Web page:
Back on the bus and I am issued my Shako, a few sizes too small. Trevor is kind enough to swap me for his which is much better. I am placed in the premiere squad and we begin the march. Mike teaches me the correct use of the word "pillock" while I attempt to figure out when to step with my left. Swampy takes me under his wing and helps me fIrst in English and then in the French gauche, gauche, gauche, droit gauche. After a few wrong turns we finally manage to march into the square. At this point I am learning it is easier to be just a fusilier and listen to what is being said. As we enter the square I see that for the first time in my life I am being demonstrated against. Knowing that this will increase our exposure I smile inwardly as the "placard waving pillock" jokes begin to fly. Lots of speeches follow and we postualte that the statute in the square is of Hans Pokalem, inventor of the silly hat. March back to the coach and then to camp where we are instructed to just take what we need At this point I discover that we will spend the entire weekend in uniform and lament that I have but one shirt. I know begin to understand why some of the more senior members have undress jackets as well as the habit-veste.

March back to the coach through the cobbled streets of the old town and I am beginning to get the hang of it and like most of my comrades (I believe) begin to imagine what it must of been like to be a fusilier in those days. More interest from the locals. Especially gratifying to see the smiles on the kids faces. As it is still a few more hours until the battle the adjutant asks who would like to do a long march up the hill to the battle site. A few people decline but I thought I would go along to get more of the period feel. It is a long march but a good one Marcel helping me out when I muck up a bit and not getting mad at me when I step on him. I get the feeling that real period corporals would be a bit less forgiving but that lone bit of authenticity that I don't mind missing.

It is a warm sunny day and it turns out that we have more march stamina than the Imperial Guard (softies sitting at the back of the line!!) as we keep passing them taking a break. We begin to sweat through our woollen jackets but the experience is worth it especially when a shower of leaves comes down on us giving the feel that the forests are paying us tribute ( or that they are full of Apache, but being Germany I am not too worried).
We reach the top of the hill a full hour before the coach (marching must improve one's direction sense) and get some time to look about the battlefield. I get a lot of question in German which I speak pathetically but we manage to sort it out. Fed a large lunch (with something to drink! !) and get to take some pictures of the other units.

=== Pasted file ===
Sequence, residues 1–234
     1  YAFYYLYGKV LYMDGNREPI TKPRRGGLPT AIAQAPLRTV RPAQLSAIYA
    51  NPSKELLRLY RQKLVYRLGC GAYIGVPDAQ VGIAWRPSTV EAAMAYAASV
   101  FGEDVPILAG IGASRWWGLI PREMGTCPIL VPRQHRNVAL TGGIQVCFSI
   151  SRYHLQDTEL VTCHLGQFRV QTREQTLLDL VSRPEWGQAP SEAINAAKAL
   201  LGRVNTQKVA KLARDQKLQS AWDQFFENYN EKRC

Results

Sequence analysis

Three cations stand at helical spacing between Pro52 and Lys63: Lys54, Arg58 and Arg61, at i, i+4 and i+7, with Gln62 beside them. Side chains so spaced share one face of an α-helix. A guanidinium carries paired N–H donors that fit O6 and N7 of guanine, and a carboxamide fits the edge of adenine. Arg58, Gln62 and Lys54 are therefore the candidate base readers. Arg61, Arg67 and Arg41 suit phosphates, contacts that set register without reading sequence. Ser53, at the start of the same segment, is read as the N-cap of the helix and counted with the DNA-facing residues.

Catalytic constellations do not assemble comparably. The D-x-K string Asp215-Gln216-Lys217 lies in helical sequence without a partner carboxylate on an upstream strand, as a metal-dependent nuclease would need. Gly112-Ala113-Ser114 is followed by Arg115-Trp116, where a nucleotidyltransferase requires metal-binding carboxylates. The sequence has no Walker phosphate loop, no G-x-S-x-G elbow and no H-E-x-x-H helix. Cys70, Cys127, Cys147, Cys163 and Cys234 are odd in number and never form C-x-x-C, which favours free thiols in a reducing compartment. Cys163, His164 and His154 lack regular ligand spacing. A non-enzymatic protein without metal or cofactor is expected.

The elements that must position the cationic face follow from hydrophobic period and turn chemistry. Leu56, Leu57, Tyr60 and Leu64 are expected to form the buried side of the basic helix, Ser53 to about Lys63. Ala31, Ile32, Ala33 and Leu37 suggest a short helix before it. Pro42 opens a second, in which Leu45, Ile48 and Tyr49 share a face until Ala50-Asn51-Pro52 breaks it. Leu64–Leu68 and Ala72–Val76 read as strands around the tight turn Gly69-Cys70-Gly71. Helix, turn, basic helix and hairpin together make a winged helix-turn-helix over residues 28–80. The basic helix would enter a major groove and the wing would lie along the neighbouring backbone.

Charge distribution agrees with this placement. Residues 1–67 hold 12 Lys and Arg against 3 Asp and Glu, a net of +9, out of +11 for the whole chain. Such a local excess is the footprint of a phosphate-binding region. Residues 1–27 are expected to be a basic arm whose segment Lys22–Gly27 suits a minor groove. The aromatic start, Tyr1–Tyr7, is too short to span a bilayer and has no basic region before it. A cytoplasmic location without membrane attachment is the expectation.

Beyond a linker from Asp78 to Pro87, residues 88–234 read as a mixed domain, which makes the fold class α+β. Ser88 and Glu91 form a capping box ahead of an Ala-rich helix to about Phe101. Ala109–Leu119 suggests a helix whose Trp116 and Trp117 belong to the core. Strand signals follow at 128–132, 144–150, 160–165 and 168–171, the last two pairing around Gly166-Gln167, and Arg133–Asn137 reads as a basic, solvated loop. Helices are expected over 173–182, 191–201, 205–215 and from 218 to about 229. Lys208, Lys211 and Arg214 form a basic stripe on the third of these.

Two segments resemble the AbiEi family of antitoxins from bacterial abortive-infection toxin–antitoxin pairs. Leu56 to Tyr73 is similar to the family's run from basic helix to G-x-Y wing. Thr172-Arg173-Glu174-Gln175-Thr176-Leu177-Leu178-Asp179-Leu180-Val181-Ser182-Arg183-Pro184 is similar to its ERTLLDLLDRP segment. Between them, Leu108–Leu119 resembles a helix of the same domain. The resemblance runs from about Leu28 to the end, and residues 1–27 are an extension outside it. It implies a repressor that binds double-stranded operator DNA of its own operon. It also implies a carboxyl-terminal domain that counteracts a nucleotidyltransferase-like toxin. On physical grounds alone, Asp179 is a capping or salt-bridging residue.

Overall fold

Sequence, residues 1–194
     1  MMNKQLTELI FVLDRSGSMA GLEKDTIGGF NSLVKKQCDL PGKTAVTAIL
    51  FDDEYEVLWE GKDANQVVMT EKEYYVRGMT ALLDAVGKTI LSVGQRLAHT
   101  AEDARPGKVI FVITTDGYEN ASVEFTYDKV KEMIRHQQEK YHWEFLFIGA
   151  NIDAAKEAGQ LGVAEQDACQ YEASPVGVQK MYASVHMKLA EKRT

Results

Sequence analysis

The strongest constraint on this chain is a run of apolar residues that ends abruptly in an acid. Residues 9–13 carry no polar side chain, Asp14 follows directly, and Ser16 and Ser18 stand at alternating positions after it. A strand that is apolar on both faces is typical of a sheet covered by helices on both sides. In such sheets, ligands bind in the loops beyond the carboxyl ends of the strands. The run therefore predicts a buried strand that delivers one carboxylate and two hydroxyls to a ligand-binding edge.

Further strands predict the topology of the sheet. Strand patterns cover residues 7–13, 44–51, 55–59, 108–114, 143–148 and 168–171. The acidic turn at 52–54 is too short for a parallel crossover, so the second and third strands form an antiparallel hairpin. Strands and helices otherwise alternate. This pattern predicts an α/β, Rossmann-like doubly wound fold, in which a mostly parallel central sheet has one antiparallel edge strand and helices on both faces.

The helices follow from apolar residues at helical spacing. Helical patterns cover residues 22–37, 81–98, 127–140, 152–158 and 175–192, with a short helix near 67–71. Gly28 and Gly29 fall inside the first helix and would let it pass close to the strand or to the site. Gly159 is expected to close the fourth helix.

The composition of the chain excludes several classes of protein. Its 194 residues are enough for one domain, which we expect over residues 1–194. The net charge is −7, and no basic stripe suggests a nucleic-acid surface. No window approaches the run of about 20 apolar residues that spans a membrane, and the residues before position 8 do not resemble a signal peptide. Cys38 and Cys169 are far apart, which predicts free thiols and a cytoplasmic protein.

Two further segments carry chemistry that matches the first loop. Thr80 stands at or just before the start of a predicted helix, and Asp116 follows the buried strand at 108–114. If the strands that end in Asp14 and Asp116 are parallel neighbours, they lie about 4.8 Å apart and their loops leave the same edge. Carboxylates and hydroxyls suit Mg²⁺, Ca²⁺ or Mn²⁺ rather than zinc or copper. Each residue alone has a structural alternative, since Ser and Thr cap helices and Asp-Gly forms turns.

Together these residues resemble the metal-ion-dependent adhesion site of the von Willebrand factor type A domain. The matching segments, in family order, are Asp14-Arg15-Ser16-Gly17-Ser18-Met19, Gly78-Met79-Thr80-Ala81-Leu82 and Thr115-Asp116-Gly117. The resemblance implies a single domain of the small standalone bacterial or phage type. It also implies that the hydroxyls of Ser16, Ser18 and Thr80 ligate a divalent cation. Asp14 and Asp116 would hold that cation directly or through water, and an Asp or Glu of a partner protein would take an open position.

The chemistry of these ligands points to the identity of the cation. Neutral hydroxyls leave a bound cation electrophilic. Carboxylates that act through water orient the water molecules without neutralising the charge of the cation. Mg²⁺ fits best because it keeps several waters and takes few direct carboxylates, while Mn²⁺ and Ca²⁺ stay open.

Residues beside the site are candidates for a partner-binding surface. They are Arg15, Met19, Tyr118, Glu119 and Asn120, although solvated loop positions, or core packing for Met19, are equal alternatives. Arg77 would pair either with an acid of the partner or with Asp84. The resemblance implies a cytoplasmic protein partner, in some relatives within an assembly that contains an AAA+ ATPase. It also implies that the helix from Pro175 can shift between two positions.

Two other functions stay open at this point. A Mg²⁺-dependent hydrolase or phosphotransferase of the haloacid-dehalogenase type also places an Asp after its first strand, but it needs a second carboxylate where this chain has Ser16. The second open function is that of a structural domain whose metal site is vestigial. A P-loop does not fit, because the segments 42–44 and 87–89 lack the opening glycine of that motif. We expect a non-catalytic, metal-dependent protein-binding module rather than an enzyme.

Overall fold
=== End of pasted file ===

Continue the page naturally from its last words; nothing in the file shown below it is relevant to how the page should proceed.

About an hour later the bus arrives (with our powder. ..whew! !) and we begin to form up. A couple of the guys take their safety test and I get to see musketry at close range for the first time.. rather impressive. The guns begin a cannonade and the crowd begins to form behind the barriers. We wait for our orders and Capitaine finally gets tired and decides that it is time to advance. We advance along the right flank until we meet up with some voltigeurs who are kind enough to let us have some fun. A few volleys are exchanged and then we proceed to charge some Landwehr bayonets at the ready. They are great sports and graciously die for us.

As we are finishing them of I hear the cry of"cavalerie! !' and realize that there is cavalry heading our way. I now know the feeling of being disorganized after a melee and we hurriedly attempt to form up, almost too late. We are joined by some obliging currasiers who clear out the cavalry for us. Capitaine gets a gleam in his eye and announces our plans to outflank the enemy. Seeing our unstoppable force Prussians (and Highlanders?) surrender to us in droves. Maybe it is the site of our really snazzy eagle that wins them over. Gradually we clear up the right flank and seem to be heading for some Austrians when we are stopped by an event organizer, perhaps concerned that we were planning to storm the ice creams trucks on the road. Bayonets are removed and we head back to the coach. First action over and a time well spent.

That evening we are treated to dinner and drinks by the organizers and I manage to get away without spending anything due to kind donations from the teetolalers and softies who went back to the hotel. A debate ensues about the protesters early in the day that lets me really get to know everybody.

This is the parade day. I discover to my pleasure that my depot kit includes Parade overalls so I don't have to scrape two pounds of Germany off of myself before I continue on. Another early start but I am getting used to them. First stop Hassenhausen, the scene of some valiant action by those that we represent. We sit in on a church service and provide a guard of honour afterwards after the guests leave. I almost get the standing right but still hold my musket too far out.